April 14, 2021 Homework Arioso

Four more weeks until our concert! We have some exciting music to learn and polish in these weeks!

Here are the new Arioso seating charts for the new music! Be sure to check both since we are moving many of you around.


G, A, D, C – 3 octaves for violin
Ab, Bb, Eb, E, F – 2 octaves for violin

C, D, F, G – 3 octaves for viola/cello
Eb, E, Ab, A, Bb – 2 octaves for viola/cello

*Make sure to bring your Habits of a Successful String Musician book every week!*

Homework for this week:
Click the titles below to listen!


Menken/Kazik – Music from Walt Disney Pictures’ Enchanted
Here is the YouTube clip “That’s How You Know” that we talked about having you watch! Enjoy!
*NEW from Mrs. Foltz this week (4/14/21):

In particular, practice mm. 37-68; listen to the recording, and be able to hum through your part (including through the transitions into different sections)
mm. 72 & 92, be sure to play directly on beat 3 (not sooner); sections which have a rest on beat 2, be sure to observe the quarter note in full
Word of the week: “DYNAMICS”
Work for effective dynamic contrasts [remember how cool it was to hear the crescendo in mm. 65-66 and 67-68 :-D].


Soon Hee Newbold – Orion and the Scorpion
Review mm. 1-191. Use a metronome in your practice. Rhythm is very important in this piece.
*Consider putting the metronome on and counting your music aloud (rather than playing it). There are some very tricky rhythms. Try to understand them and play them well!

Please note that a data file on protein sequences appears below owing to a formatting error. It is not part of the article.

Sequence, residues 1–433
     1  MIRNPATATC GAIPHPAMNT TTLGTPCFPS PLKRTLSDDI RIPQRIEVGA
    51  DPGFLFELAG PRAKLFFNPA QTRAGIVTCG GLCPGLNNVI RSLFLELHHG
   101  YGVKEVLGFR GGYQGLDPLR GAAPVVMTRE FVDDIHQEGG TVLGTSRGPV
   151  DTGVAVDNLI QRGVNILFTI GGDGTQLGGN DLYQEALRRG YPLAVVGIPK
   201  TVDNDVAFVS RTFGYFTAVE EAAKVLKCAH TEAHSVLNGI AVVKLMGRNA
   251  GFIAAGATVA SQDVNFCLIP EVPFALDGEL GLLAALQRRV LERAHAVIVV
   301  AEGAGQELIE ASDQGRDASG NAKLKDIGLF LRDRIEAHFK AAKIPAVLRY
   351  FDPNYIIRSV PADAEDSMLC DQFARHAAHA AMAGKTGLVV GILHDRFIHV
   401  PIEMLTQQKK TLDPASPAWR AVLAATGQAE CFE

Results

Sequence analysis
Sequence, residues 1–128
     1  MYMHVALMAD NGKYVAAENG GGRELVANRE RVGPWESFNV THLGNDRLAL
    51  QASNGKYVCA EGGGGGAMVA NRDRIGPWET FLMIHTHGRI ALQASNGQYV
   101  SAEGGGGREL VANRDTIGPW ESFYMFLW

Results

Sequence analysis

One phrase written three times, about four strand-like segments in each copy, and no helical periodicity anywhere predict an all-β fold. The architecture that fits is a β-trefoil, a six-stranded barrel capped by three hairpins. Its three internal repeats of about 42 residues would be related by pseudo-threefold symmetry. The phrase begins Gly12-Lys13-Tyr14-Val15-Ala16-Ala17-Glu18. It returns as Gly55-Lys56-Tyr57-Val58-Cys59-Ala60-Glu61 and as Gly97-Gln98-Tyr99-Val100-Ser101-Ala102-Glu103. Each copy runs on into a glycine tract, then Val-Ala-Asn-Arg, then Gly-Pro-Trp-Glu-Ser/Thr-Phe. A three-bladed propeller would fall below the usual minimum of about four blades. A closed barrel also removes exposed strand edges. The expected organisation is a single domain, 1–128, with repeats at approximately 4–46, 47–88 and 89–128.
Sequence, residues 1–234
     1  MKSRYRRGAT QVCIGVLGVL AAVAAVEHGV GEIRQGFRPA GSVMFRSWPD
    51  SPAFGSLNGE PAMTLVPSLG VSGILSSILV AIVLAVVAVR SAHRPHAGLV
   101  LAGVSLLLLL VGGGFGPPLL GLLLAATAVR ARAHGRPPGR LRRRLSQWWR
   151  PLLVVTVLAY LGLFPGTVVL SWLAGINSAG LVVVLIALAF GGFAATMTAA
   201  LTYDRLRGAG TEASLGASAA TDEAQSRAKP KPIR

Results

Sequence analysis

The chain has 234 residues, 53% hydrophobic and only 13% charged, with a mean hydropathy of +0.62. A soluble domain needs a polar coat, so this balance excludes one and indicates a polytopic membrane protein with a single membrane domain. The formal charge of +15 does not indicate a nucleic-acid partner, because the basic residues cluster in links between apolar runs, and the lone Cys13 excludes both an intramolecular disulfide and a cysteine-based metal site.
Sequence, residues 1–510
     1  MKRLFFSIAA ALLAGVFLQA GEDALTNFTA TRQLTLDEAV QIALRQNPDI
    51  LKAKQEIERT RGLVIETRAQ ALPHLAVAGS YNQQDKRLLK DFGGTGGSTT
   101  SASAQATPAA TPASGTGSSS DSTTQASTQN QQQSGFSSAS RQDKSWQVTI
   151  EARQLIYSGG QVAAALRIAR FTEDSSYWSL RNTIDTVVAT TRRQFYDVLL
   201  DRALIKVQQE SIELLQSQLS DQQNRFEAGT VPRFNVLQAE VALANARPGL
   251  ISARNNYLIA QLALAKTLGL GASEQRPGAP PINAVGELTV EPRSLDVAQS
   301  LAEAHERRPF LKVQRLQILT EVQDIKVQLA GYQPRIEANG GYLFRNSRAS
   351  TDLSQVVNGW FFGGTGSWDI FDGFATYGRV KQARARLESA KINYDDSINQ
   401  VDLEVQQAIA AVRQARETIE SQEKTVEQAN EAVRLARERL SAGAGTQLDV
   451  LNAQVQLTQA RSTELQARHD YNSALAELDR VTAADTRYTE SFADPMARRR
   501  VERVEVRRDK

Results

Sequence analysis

NEW: Learn mm. 192 to end
*Listen to the recording and air bow and finger allow with the recording (as we did in class today). This will help you understand the counting for later when play it!



Borodin/Monday – Symphony No. 2, Mvt. 4
*NEW from Mrs. Foltz this week (4/14/21):

VI/VII/VLA: Very fine work as an ensemble on the 16th-note passage, mm. 10-12. Continue to refine any trouble spots
Be absolutely sure that you know what the transition into m. 39 should sound like. If we get “off” in mm. 35-38, m. 39 is the place to get back together. The same applies for m. 109 and the pickup to m. 109.
That being said…let’s become so familiar with the passage at mm. 35-39 that playing it is like walking and chewing gum (you don’t have to think so much about it). But…we will still think. 🙂
WRITE IN THE COUNTING for mm. 15-17, mm. 35-38, and mm. 106-108. Know exactly on which beats you play.
In the video, study (look at in detail, then listen to) all of the parts mm. 15-17 (starting at 23 seconds)
mm. 35-38 (starting at 55 seconds)
mm. 106-108 (starting at 2:55 in the video)
Look how the composer orchestrates increasing intensity and dynamic level at mm. 156 (4:19 in the video). Isn’t that neat?!
Listen and compare these recordings of Borodin’s Symphony No. 2: Mvt. IV 😀
https://youtu.be/Jd-0noK0F-o  What do you think about this tempo?? 🙂 How is the arrangement we are playing different? Similar?
Which recording did you like better? Why?


Williams/Custer – John Williams Trilogy
Review mm. 35 to end (“Theme from Jurassic Park” and “Raider’s March”). Learn these measures really well!

NEW! Learn mm. 1 to 34 (“Star Wars”).

Since the recording above cuts out and doesn’t include the entire piece, here is a YouTube video that does include the whole piece:
Junior Orchestra of Montreal


Theory homework:
Arioso A: off week
Arioso B: off week
Arioso C: off week
Arioso D: off week


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